The plan for EU citizens post Brexit
There are those at home and abroad with political agendas who don't want the UK to be successful outside of the EU. An example of this was last week when we saw an absurd claim that was given wide publicity, which said that our planes won't fly after Brexit. Such nonsense distracts from the real issues and while I firmly believe that Brexit will benefit our country in the long-term, I also recognise that there are short-term challenges and issued to be resolved.
In Crawley we have over 6,000 registered adult EU nationals (not including Irish citizens) who make a major contribution to our town. Some have been in Crawley well over 20 years and have raised their families here, while others intend to work here temporarily. Providing a fair deal for EU citizens living in the UK and British citizens living in EU countries is a key part of the Brexit negotiations and one that I am very confident will have a good outcome.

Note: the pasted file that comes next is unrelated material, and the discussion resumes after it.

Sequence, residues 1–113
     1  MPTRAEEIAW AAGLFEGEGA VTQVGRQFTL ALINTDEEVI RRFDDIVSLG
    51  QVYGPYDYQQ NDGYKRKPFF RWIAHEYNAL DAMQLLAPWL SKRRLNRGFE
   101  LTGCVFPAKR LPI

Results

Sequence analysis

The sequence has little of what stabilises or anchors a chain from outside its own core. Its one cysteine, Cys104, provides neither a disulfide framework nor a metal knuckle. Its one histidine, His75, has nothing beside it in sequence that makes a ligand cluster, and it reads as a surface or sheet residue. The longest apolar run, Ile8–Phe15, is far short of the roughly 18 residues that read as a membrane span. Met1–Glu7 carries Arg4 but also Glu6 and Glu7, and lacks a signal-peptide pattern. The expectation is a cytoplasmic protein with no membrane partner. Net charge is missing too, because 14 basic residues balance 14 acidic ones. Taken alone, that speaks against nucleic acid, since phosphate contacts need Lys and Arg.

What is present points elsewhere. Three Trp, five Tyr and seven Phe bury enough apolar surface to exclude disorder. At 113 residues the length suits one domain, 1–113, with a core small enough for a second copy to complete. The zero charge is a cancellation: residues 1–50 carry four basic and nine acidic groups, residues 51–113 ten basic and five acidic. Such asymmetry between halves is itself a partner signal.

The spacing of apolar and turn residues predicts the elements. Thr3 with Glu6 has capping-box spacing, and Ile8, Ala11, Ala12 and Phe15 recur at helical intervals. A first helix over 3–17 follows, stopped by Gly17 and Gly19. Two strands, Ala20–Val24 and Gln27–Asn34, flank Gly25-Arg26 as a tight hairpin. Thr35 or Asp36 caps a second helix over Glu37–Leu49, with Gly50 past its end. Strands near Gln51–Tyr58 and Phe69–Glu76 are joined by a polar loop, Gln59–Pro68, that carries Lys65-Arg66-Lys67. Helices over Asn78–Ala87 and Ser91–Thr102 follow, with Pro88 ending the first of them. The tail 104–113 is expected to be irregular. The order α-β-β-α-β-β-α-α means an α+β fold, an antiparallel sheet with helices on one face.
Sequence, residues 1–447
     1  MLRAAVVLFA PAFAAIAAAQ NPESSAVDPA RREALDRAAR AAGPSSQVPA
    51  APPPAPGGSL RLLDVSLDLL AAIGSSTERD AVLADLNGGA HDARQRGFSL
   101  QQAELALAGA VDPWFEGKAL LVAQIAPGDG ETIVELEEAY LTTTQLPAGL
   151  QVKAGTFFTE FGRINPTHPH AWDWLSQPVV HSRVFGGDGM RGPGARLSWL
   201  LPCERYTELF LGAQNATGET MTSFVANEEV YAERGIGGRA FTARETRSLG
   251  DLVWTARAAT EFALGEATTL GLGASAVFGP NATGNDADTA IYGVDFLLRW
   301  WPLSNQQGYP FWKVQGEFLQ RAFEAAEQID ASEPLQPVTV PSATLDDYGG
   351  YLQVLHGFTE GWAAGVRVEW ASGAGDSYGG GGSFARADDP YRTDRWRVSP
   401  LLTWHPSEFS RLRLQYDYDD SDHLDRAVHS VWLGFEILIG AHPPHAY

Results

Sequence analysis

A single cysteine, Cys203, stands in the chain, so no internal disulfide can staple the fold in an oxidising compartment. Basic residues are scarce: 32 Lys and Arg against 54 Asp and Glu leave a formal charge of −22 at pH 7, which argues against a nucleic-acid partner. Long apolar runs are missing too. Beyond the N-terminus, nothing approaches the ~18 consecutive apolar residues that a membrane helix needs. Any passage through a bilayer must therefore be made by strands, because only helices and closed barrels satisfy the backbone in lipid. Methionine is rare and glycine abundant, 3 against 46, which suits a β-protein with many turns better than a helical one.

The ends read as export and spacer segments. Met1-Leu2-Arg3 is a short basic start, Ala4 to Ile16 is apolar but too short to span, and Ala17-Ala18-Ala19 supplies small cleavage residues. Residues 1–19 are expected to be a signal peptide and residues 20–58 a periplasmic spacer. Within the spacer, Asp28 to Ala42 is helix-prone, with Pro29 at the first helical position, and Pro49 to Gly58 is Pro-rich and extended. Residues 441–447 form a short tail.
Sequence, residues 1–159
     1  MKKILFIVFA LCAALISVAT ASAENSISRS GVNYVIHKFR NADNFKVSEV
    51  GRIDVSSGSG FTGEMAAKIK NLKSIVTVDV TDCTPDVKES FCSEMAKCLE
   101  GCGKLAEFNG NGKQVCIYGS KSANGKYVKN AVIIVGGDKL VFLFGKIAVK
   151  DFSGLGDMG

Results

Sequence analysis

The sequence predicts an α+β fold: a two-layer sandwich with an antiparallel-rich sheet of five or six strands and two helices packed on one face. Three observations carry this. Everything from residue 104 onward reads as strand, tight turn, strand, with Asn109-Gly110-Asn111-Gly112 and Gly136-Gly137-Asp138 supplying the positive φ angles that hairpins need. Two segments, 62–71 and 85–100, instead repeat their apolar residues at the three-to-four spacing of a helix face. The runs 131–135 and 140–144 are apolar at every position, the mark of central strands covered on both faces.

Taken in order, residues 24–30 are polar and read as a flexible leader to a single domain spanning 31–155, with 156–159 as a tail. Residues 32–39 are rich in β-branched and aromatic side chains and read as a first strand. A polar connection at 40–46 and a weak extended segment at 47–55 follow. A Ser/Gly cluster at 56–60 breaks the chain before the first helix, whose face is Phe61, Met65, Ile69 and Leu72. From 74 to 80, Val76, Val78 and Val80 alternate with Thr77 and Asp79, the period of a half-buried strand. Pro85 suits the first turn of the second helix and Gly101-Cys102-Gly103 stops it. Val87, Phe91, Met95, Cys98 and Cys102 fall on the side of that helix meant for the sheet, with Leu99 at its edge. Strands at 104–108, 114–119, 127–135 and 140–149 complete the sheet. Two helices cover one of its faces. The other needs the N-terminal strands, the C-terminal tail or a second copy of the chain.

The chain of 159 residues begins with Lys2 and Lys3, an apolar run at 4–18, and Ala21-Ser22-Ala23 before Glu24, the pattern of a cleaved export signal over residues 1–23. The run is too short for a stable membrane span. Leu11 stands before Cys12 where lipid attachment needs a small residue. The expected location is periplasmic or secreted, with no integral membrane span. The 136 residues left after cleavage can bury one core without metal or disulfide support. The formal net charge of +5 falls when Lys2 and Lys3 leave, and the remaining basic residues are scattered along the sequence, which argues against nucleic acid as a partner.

While most people rightly recognise that unlimited free movement of people needs to end, most of us also recognise that EU citizens have become an integral part of the economic, cultural and social fabric of our country. The Conservative Government has made it clear that the rights of EU citizens here should be addressed early. This is why a very fair offer has been made to the EU to help provide that certainty for them.
The 3 million EU citizens in the UK will soon have guaranteed certainty about their future in the UK and a reciprocal agreement will provide the same certainty for the more than 1 million UK citizens who live in EU countries. The plan is that applicants who’ve already have five year’s continuous residence in the UK will be immediately eligible for settled status, and those who do not yet meet the five-year threshold by exit day and who arrived before a date yet to be specified after the Article 50 triggering, can stay until they reach that milestone so they too can also secure settled status at a later date.